To my astonishment, I found out that JROTC cadets are wearing “my” Cookie. Not my personal Cookie that I still have on my Ceremonial uniform, but “my” Cookie nonetheless.

All service JROTCs strictly forbid the wear of any item that an Active Duty, Reserve or National Guard member wears. This includes several colors of berets, ribbons, medals, job qualification badges, wings, tabs, etc. JROTC cadets cannot and should not wear any of these items because they are not in the military. Period. The same goes for my Cookie. Yes, it is not mine specifically, but as I stated earlier, I have a certain attachment to the BHG.

In this specific case, what does it take to be authorized to wear the BHG Cookie? Graduation from USAF Basic Training, graduation from a Technical School (A-School for you non-AF types) assignment to at least your first installation, assignment to the BHG and graduation from your installation’s 100+ hour BHG training program. Therefore, it is impossible for a JROTC or any other cadet to earn and wear the badge without it being along the lines of Stolen Valor. Yes, this is a serious issue.

If your JROTC unit cadets wear any kind of military service item, please stop right now. Your integrity is now at stake, by reading this article, you now know that if you are wearing a BHG cookie or any other device it is absolutely wrong.

There are many creative ways to help set apart cadets who are on drill team, color team or what a unit might call honor guard: shoulder cord, aiguillette, uniform stripes, distinctive ribbons, etc. Click here for more ideas.

ROTC (college) is a little different. Contracted college cadets are considered “Third Lieutenants” and as such wear the service uniform within the guidelines of their service’s dress and appearance manual.

Military schools have some different standards as well to go along with their distinctive uniforms, just like the service academies.

Let us not forget the distinctive uniform items of  Military Cadets (Army), Patriot Youth Corps (Army), Young Marines, Civil Air Patrol, Sea Cadets and Sea Scouts. None of these programs allows their cadets to wear distinctive uniform items from their services except when specifically noted in their manual.

And then there are the Police and Fire Explorer Cadets. I think that takes care of all of the cadet programs. But each has it’s own uniform, rank, ribbons, etc. They do not take from the military services something which is blatantly not authorized for wear by anyone else.

No one else except Tomb Guards wear their badge. No one else except the USAF Honor Guard wears the AFHG metal cookie. I think I’ve made my point.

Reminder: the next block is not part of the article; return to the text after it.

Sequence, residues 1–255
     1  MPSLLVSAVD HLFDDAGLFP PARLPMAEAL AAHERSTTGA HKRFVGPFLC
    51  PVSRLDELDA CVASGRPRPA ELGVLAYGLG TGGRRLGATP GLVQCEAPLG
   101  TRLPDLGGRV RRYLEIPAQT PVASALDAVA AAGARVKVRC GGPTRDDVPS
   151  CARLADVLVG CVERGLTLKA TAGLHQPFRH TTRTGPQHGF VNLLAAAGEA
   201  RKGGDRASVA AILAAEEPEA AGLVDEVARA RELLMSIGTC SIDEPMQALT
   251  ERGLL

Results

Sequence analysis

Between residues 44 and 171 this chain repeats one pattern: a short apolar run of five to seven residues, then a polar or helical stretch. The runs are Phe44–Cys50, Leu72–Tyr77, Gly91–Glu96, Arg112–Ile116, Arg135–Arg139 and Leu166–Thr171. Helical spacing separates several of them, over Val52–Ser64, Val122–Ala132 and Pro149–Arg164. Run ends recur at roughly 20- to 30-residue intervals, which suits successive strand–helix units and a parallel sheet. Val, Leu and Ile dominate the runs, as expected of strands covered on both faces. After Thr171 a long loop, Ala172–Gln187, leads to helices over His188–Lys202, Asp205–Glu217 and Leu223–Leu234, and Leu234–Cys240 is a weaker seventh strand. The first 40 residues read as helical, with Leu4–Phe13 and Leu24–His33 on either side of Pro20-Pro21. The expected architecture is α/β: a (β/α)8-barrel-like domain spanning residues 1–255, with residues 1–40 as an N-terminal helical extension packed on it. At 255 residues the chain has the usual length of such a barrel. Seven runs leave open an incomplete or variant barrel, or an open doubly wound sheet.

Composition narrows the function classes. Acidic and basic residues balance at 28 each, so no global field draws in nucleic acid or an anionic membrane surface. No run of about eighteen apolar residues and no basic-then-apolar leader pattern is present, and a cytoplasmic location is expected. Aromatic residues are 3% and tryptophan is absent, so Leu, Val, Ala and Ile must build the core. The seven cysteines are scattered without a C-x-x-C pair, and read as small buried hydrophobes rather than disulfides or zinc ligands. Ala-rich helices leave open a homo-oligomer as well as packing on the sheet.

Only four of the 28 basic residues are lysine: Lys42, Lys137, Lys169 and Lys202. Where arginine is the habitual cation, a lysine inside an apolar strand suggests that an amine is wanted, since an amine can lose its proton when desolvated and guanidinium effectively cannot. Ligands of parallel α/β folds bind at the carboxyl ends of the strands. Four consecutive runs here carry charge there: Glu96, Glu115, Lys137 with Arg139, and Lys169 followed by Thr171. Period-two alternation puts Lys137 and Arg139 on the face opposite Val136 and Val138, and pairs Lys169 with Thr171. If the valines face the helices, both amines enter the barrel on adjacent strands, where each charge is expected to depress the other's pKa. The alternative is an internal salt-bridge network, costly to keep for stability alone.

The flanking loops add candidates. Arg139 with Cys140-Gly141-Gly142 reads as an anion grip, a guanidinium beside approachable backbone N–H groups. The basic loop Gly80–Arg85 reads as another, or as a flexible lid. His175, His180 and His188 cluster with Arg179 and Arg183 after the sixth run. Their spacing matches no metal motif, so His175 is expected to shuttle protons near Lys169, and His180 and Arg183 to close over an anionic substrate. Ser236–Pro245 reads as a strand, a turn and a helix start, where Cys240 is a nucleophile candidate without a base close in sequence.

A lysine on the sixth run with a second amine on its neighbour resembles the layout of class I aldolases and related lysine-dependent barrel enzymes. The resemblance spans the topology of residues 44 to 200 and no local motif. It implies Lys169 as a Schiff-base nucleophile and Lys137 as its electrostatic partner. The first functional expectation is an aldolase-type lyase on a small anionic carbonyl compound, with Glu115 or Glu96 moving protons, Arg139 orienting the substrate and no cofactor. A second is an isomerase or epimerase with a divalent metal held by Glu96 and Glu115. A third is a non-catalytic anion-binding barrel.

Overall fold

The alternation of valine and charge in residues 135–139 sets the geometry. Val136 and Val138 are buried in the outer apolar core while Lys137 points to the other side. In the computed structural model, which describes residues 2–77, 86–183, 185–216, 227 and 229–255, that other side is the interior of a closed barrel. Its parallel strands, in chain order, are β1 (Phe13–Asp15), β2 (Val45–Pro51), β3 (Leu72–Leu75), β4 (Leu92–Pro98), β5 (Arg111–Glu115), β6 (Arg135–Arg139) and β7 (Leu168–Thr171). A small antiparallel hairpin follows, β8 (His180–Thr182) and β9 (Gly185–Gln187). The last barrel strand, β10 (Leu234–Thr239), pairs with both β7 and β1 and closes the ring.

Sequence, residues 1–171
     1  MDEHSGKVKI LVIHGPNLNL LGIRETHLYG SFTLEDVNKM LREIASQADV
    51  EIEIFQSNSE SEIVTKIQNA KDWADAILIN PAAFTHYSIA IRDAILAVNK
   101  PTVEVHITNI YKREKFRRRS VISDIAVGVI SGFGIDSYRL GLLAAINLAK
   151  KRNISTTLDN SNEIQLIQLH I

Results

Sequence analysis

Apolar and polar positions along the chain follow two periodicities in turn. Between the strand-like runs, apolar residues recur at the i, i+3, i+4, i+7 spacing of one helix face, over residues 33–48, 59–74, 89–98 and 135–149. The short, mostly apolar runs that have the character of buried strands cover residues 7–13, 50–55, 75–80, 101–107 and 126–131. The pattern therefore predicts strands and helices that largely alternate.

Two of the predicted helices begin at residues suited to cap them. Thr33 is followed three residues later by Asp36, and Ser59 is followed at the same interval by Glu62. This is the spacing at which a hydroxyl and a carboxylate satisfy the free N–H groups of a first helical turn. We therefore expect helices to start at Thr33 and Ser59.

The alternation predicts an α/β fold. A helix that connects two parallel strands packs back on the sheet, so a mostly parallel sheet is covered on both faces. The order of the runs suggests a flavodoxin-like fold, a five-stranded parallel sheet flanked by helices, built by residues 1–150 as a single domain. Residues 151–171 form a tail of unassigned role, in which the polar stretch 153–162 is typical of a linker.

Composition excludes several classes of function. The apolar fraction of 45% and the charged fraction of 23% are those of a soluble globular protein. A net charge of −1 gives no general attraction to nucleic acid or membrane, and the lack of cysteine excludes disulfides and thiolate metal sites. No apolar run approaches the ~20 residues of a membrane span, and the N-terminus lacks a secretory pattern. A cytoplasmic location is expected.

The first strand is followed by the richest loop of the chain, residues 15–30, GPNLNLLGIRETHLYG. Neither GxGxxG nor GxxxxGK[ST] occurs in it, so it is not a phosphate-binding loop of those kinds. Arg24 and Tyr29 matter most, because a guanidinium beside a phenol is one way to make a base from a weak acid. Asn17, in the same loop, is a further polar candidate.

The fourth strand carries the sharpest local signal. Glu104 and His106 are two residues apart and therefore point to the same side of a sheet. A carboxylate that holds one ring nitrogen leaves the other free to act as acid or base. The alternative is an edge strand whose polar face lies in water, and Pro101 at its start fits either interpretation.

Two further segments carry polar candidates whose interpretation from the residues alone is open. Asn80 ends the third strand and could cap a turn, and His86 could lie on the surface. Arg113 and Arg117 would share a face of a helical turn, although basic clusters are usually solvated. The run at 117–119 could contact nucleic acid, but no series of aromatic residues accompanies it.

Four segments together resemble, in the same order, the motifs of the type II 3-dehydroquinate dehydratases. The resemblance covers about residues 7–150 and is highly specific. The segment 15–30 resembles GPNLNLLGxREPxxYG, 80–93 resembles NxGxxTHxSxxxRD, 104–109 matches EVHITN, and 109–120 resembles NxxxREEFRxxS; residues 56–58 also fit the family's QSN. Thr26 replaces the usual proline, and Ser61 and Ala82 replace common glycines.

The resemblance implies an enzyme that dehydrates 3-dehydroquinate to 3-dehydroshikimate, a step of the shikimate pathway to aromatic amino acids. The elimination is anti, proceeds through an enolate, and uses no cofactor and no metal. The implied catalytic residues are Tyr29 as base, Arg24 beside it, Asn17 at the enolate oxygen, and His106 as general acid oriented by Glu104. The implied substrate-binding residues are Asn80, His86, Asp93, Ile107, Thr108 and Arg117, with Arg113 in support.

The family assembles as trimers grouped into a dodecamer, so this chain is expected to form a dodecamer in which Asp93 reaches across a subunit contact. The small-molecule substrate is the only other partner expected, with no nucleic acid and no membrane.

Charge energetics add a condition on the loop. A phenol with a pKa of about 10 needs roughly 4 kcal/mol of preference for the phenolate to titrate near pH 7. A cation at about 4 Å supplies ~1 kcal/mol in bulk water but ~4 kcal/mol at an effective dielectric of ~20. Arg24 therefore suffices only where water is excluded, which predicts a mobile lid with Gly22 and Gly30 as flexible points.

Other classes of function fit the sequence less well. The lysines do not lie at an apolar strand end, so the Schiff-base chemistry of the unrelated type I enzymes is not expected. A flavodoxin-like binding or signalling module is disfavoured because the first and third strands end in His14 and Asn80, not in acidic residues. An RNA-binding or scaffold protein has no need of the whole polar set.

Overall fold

“But other JROTC units are doing it.” This statement does not have a point. Stop doing the wrong thing and educate others.

What it all comes down to is not wearing anything distinctive on a JROTC uniform that is only meant for Soldiers, Marines, Sailors, Airmen or Coast Guardsmen. Please, do the right thing.

Army JROTC/NDCC Instructors and Cadets should read Army Regulation 145–2 and Cadet Command Regulation 145-2.

Marine Corps JROTC/NDCC Instructors should read the MCJROTC Instructor Handbook and Instructors and Cadets should read MCO P1533.6.

Navy JROTC/NDCC Instructors and Cadets should read NAVEDTRA 37116-H.

Army JROTC/NDCC Instructors and Cadets should read AFJROTC Instruction 36-2001.

Coast Guard CPJLP (JROTC)/MAST/NDCC Instructors and Cadets should read- I can’t find anything as of yet .

NDCC stands for National Defense Cadet Corps. An NDCC unit is just like a JROTC unit but it does not meet certain requirements, most likely student enrollment, and the school district picks up the tab for everything.

DrillMaster at Daytona Nationals 2013

National High School Drill Team Championships 2013, exhibition drill, regulation drill, color guard, color team
National High School Drill Team Championships 2013

The National High School Drill Team Championships were a big hit yet again! Drillers and teams from all over the country, Guam and Hawaii came to showoff their skills. Some teams left with trophies, others left with great pride in knowing they had done their best.

The picture at left is of me having a long and very good discussion about everything under the sun with a drill team coach. We will be working together in the future in honor guard and drill team endeavors.

 

Daytona Nationals 2013 Fans, exhibition drill, regulation drill, color guard, color team, fancy dril
Daytona Nationals 2013 DrillMaster Fans

The two gentlemen in the picture at right (C/Lt Cdr Jacob Lindsey and C/Lt JG Tevion Gray) are from St Louis, Missouri and attend the Cleveland Jr. Naval Academy. What’s remarkable about these two fine cadets is that they are on their school’s drill team and the team was not doing very well at competitions, this is until they bought Exhibition Drill for the Military Drill Team- both volumes. Interestingly, once they read both of my books, according to Cadet Lindsey, they began to have a better understanding as to what exhibition drill was about and the team began to sweep all of their drill meets in SY12/13! Yes, they swept the drill meets. As I constantly say, education is key- and this proves my point!

John Jay High School AFJROTC
Now owns a copy of each one of my books that I had available at my table, all except The DrillMaster: Filling in the Gaps, because I had just published it on the Friday before. MSgt Harwell, stopped by after Step II had a good rehearsal and purchased the books. I had the distinct opportunity to pray for my brother in Christ and I pray that he finds joy and contentment as he moves on in life.